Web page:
|SCIENCE AT THE UNIVERSITY OF PENNSYLVANIA.|
By LEWIS E. HARLEY, Ph. D.
IN resigning the provostship of the University of Pennsylvania in 1894, Dr. William Pepper defined the broad policy of the institution in the following appropriate language: "The university is truly the voluntary association of all persons and of all agencies who wish to unite in work for the elevation of society by the pursuit and diffusion of truth."
The function of a university is not simply instruction but also research. In this latter field of work American universities are showing great activity, and remarkable results have been produced. The University of Pennsylvania has been particularly susceptible to the changing conditions of American life, as is illustrated in the modifications in its curriculum from time to time. When the institution was chartered as a college in 1755, no other school in this country offered so liberal a course of study. In 1810 the curriculum was modified and rearranged so as to conform to the new conditions which had arisen with the opening of the century; but old methods and old ideas prevailed until 1868, when Dr. Charles J. Stillé was elected provost. The elective system of studies was introduced, and every department of the institution felt the pulses of new life. During the fourteen years of Dr. Stillé's administration the larger career of the university began, and a worthy successor was found in Dr. William Pepper, who was inaugurated provost on February 22, 1881. A new creative period in the history of the university now began, rendered memorable by the founding and equipment of fourteen new departments and the erection of thirteen new buildings. In order to extend its influence as a center of learning and research, the university has aimed to establish the principle that it is organically a part of the municipality of Philadelphia. Fully appreciating the importance of this fact to the city, the Councils in 1872 and in 1883 voted the transfer to the university of splendid tracts of ground in consideration of the establishment of fifty free beds in the hospital for the poor of Philadelphia, and of fifty prize scholarships in the college, to be awarded to graduates of the public schools of Philadelphia. Subsequent accessions of territory from the city authorities have brought the domain of the university up to fifty-two acres in a compact body.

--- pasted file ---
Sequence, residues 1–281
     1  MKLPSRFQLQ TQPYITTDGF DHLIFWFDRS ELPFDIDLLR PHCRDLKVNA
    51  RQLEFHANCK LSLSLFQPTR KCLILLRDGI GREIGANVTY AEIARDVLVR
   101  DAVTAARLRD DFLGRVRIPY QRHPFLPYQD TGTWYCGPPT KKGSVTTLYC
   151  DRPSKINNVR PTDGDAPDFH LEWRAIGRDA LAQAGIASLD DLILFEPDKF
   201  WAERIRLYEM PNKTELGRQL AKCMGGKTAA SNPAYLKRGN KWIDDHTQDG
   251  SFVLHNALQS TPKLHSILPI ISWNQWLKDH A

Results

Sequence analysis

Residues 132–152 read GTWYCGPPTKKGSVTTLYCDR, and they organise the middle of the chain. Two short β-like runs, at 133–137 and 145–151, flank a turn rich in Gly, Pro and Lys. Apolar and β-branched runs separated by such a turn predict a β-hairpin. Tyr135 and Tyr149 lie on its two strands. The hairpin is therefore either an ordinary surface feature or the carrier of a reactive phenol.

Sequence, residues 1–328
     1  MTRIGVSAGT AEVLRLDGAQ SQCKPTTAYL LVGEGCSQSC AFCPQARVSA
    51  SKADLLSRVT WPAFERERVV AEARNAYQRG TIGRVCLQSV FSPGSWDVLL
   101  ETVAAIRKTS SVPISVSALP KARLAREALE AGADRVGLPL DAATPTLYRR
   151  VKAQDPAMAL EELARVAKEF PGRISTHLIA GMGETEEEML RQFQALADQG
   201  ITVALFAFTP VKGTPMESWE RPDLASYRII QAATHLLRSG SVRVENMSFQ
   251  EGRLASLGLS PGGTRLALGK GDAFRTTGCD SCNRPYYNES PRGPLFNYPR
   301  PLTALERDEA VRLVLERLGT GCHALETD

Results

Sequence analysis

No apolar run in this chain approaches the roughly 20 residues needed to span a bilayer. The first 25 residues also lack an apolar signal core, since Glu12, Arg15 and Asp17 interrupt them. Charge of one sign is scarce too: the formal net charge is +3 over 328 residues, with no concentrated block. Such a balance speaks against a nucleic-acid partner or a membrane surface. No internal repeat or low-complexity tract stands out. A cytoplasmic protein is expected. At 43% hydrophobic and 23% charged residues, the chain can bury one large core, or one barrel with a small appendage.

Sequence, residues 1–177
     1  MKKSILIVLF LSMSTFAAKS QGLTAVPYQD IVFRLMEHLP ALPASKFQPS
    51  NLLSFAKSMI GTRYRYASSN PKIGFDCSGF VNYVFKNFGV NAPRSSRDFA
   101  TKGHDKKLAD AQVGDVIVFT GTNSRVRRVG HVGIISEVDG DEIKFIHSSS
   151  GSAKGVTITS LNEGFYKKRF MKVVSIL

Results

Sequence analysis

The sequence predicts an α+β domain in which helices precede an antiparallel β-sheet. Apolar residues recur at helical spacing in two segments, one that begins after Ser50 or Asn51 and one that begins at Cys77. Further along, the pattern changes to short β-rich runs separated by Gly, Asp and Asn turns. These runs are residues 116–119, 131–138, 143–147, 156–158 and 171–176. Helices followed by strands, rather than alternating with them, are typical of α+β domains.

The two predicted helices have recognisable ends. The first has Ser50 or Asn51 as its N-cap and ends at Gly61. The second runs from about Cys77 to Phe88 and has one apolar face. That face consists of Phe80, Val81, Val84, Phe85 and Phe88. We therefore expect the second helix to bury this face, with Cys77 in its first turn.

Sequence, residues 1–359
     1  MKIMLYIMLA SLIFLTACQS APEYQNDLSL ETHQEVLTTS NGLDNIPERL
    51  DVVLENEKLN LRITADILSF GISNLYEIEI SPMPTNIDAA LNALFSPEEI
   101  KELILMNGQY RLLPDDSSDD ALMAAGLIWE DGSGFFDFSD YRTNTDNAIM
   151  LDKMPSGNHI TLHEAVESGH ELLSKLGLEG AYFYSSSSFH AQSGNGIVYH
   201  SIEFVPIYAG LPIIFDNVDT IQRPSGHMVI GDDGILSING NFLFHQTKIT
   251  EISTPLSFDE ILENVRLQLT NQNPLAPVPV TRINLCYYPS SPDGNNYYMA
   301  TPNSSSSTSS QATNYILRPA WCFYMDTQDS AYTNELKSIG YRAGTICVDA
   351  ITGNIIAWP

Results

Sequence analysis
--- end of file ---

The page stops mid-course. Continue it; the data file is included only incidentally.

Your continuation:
The university is in right, and should be in fact, the crown of the educational system of the entire Commonwealth. The expense of modern research practically necessitates resources which, as a rule, only the State can adequately furnish. But the university received no great contribution from the State until 1779, when